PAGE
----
Hey Mo -
I hope you don't mind but I'm in a writing mood. Check out this post about Xandros who only days ago made a deal with Microsoft. Like I said already, I think it's to enable Microsoft to say they can interoperate and it's to enable Xandros (aka Corel) to keep their business. But, given what Joe Wilcox writes, I think there may be more of Microsoft's strategy showing.
Some have interpreted the signing of this deal to mean that Microsoft is pretty sure that it can evade the strictures of GPLv3. Take note that Microsoft has not signed up to distribute Xandros - which means that it does not want to be considered a Linux distributor in this case, something which makes any patents which it allegedly claims are being illegally used by Linux available to all and sundry.
In the case of Novell, Microsoft is a distributor, no matter which definition one employs.
As far as Xandros goes, it is a sign of desperation and means that the company is not going to be around selling GNU/Linux too long. Take the money and run, appears to be the new company motto.... Slice these deals any way you like, they are a sellout.- Sam Varghese, ITWire
It actually could be Microsoft did this deal with Xandros because they may have been obligated, via Microsoft's 2000 bailout of Corel, to save Xandros' hide under the current circumstances.
Xandros sells a Linux desktop tailored to family home use. Once virtualization (real virtualization, that is, with transactional synchronization) capabilities come to the front, Xandros will be virtually unnecessary. Various desktops will spring up from Microsoft developers (whenever they finally get a chance to build something useful for the web using Microsoft products) that will obsolete the Xandros approach.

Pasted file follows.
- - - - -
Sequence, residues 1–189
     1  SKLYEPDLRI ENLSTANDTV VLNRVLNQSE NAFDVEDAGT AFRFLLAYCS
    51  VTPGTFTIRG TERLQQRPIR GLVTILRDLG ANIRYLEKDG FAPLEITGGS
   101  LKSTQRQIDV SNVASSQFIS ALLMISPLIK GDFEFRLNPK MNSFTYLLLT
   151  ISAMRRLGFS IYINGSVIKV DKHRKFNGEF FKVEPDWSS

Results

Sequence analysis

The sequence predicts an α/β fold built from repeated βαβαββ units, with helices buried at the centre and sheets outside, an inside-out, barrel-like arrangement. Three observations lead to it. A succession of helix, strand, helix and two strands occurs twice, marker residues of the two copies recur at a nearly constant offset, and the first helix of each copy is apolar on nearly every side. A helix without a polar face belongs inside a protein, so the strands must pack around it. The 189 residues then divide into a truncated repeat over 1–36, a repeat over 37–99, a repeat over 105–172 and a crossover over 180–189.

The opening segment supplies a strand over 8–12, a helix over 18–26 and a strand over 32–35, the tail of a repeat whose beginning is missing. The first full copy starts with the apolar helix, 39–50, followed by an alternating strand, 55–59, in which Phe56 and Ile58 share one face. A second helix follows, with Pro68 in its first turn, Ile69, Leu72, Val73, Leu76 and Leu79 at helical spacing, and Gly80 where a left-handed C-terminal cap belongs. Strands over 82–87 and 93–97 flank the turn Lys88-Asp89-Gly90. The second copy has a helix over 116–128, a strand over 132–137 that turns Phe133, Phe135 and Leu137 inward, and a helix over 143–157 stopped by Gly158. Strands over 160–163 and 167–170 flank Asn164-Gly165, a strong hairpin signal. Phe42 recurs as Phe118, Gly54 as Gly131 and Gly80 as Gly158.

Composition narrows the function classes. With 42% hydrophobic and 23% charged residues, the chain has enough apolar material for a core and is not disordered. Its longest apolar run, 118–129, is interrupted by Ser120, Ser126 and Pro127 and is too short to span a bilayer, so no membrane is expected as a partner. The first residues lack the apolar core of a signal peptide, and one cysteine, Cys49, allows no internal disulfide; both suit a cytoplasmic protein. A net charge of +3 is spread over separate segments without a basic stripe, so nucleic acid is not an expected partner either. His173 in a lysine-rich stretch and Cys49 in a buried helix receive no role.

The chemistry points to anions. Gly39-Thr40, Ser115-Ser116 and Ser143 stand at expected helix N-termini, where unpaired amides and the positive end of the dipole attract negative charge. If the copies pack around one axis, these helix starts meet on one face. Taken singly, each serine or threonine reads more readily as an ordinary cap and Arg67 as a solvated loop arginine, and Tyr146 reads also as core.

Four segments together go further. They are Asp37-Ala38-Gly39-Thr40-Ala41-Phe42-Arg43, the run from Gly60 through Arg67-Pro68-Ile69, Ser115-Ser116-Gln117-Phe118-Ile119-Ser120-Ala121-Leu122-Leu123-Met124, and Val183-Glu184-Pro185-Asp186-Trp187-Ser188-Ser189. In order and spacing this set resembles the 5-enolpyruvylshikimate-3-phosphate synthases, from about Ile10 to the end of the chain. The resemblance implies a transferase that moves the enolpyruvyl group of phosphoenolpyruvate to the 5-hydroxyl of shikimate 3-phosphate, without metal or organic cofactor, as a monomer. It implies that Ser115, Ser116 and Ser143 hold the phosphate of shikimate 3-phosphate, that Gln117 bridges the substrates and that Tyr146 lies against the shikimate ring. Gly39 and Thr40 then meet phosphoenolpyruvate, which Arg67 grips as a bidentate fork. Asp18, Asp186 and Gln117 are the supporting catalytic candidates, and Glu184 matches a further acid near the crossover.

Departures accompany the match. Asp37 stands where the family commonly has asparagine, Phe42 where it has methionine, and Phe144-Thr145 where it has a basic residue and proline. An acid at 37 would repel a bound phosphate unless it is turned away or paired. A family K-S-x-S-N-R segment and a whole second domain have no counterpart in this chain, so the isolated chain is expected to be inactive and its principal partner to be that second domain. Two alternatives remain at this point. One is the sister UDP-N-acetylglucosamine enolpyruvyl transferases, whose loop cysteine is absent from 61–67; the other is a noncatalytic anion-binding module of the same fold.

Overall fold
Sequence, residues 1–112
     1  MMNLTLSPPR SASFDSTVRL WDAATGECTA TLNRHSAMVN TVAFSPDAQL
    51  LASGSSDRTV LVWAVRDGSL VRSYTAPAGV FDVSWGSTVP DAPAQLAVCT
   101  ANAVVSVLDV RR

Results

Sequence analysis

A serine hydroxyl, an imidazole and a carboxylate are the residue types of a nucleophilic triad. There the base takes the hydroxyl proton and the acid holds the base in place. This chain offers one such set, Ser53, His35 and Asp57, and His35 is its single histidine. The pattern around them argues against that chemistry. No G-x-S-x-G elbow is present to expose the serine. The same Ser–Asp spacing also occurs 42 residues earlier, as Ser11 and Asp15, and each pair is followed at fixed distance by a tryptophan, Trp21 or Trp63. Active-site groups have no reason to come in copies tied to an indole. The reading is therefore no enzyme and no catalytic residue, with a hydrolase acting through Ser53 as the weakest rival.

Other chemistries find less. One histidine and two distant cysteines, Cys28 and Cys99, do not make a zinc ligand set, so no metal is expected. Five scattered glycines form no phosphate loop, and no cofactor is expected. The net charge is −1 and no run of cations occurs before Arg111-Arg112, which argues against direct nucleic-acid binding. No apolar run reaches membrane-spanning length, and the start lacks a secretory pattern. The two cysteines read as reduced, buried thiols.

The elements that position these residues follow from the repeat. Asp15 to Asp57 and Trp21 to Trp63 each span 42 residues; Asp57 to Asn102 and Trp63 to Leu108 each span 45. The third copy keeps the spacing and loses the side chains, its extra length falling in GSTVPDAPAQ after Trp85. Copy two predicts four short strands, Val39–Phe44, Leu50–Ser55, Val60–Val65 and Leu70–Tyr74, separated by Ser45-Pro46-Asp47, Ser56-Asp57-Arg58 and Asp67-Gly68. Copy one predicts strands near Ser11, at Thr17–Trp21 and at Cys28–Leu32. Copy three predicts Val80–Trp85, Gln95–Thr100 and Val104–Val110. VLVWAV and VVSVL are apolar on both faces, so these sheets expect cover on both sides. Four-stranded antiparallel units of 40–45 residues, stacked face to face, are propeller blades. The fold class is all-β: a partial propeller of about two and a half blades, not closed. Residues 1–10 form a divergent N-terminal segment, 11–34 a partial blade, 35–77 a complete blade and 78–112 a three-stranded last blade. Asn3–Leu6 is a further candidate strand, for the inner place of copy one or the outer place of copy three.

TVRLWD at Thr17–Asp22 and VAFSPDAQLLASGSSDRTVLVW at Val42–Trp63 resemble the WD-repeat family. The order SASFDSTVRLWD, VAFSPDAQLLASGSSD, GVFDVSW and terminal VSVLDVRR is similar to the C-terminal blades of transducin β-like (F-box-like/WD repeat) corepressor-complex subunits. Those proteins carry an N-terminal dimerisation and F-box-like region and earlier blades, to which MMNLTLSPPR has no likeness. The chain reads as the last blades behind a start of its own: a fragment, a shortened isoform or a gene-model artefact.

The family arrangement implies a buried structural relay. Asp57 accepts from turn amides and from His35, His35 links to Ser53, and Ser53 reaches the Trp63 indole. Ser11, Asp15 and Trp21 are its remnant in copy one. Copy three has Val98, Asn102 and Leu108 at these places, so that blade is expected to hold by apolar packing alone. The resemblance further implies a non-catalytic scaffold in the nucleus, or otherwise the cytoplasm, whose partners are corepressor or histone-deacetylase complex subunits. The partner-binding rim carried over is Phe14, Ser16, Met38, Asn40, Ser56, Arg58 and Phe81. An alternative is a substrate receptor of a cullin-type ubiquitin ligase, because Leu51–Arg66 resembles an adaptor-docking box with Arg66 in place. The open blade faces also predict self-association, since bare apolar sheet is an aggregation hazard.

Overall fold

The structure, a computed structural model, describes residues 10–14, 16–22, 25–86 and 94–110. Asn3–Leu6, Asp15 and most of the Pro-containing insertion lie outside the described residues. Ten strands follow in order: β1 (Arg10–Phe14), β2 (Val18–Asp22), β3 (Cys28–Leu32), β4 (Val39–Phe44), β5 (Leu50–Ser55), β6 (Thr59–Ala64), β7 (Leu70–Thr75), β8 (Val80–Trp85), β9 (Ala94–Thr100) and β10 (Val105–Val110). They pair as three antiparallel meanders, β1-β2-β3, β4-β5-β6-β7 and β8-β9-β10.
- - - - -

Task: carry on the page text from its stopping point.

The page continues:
Microsoft could morph the Xandors desktop to run on a minimal set Linux platform so they can put modules in the Kitchen, family room, garage and bedroom... what about the bathroom? What could you do in the bathroom with a "computer"... and interoperate with the internet and other systems while keeping the core Longhorn server in the closet secure and pristine (until some wag can get a trojan across the Windows/Linux interchange, that is).
Notice the above blurbs are from a distilled Groklaw sidebar at http://www.groklaw.net/ . The remainder of the article says the following for our interest:
"...In one way, it is a pity because Xandros's Linux offerings are good. But like many other companies, it is in the wrong business. I was mistaken when I recommended the distribution recently - nobody can switch to a commercial distribution without some certainty that the company selling it is going to be around for at least some time. Time to throw out those trial versions of Xandros server which I was planning to test over the next month.
What's up? Is the coming ubiquity of virtualized services going to threaten all other Linux "desktop" capabilities as Microsoft pushes Vista out through Novell (will Novell become part of Microsoft after GPLv3?)? And is Microsoft taking this opportunity to help Xandros out of a jam, provide a morphable front end for their present "Longhorn" system (while they attempt to build out their collection of tools into a suite codenamed "Hawaii"?) and skunk other Linux providers who will be caught flat footed with no real means of providing the kind of transactional synchronization I described in what Joe Wilcox was writing about?